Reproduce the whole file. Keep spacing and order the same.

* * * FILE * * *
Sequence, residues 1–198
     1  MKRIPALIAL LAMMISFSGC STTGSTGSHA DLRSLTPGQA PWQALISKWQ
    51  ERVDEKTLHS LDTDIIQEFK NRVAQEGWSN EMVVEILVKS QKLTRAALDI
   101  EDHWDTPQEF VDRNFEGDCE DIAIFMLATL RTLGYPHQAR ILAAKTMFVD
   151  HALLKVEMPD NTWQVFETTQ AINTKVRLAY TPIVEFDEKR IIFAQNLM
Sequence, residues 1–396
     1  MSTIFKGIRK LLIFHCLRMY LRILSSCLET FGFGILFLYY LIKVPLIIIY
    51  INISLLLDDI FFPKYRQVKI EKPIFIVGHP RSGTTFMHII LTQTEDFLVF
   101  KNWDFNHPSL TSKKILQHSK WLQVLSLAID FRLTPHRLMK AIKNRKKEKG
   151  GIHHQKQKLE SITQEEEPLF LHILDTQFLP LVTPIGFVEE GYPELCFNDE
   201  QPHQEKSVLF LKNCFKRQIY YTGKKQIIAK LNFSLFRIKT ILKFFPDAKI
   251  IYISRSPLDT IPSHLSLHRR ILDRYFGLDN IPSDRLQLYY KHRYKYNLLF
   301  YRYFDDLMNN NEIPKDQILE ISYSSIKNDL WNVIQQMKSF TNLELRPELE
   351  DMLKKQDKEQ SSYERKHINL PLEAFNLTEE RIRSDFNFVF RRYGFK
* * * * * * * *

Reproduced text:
Sequence, residues 1–198
     1  MKRIPALIAL LAMMISFSGC STTGSTGSHA DLRSLTPGQA PWQALISKWQ
    51  ERVDEKTLHS LDTDIIQEFK NRVAQEGWSN EMVVEILVKS QKLTRAALDI
   101  EDHWDTPQEF VDRNFEGDCE DIAIFMLATL RTLGYPHQAR ILAAKTMFVD
   151  HALLKVEMPD NTWQVFETTQ AINTKVRLAY TPIVEFDEKR IIFAQNLM
Sequence, residues 1–396
     1  MSTIFKGIRK LLIFHCLRMY LRILSSCLET FGFGILFLYY LIKVPLIIIY
    51  INISLLLDDI FFPKYRQVKI EKPIFIVGHP RSGTTFMHII LTQTEDFLVF
   101  KNWDFNHPSL TSKKILQHSK WLQVLSLAID FRLTPHRLMK AIKNRKKEKG
   151  GIHHQKQKLE SITQEEEPLF LHILDTQFLP LVTPIGFVEE GYPELCFNDE
   201  QPHQEKSVLF LKNCFKRQIY YTGKKQIIAK LNFSLFRIKT ILKFFPDAKI
   251  IYISRSPLDT IPSHLSLHRR ILDRYFGLDN IPSDRLQLYY KHRYKYNLLF
   301  YRYFDDLMNN NEIPKDQILE ISYSSIKNDL WNVIQQMKSF TNLELRPELE
   351  DMLKKQDKEQ SSYERKHINL PLEAFNLTEE RIRSDFNFVF RRYGFK